Wendy Davis first came to national attention in 2013 when, as a Texas state senator, she filibustered a major anti-abortion bill for 13 hours, donning pink sneakers. Later that year, she launched a campaign for Texas governor, which proved too big a challenge in Texas.
But, like other areas of the country, Texas’ suburban voters, led primarily by women, have demonstrated a rejection of a Republican agenda that they feel is failing them. In 2018, Texas came within two points of electing its first statewide Democrat since 1994, and successfully flipped two congressional seats, two state senate seats and 12 state house seats from red to blue.
The DCCC has made Texas a particular focus of its efforts and investment this cycle, setting up a fully staffed team in Austin to help flip several seats. Reading the writing on the wall, six Texas GOP Members of Congress have announced their retirements.
Davis is challenging a first-term Republican, Rep. Chip Roy, who previously served as chief of staff to Sen. Ted Cruz. Texas’ 21st district stretches from Austin to San Antonio, a fast growing area that is hospitable for Davis. Roy won by only a 2% margin in 2018, leaving the seat ripe for the taking. This is the fastest growing congressional district in Texas, and, in the recent primary, the Democratic turnout was by far the highest of any congressional district in the state.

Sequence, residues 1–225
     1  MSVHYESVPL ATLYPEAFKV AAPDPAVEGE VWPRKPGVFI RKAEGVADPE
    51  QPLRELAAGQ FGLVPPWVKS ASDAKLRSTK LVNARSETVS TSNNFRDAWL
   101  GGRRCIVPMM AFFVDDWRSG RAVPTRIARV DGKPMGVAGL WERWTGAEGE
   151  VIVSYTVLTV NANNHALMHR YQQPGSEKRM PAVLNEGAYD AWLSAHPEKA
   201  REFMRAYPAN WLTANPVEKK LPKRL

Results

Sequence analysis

Davis, who served as Vice Chair on the International Relations and Trade committee for the Texas State Senate, has significantly outraised the incumbent and won a smashing victory in the Democratic primary for this seat with 86% of the vote. She also is founder of Deeds Not Words, a non-profit for engaging young women in politics.
She opposes the new nuclear weapons programs proposed by the Trump administration and supports extending the New START nuclear arms treaty by five years.
Wendy Davis has an excellent chance of entering the House of Representatives in 2021.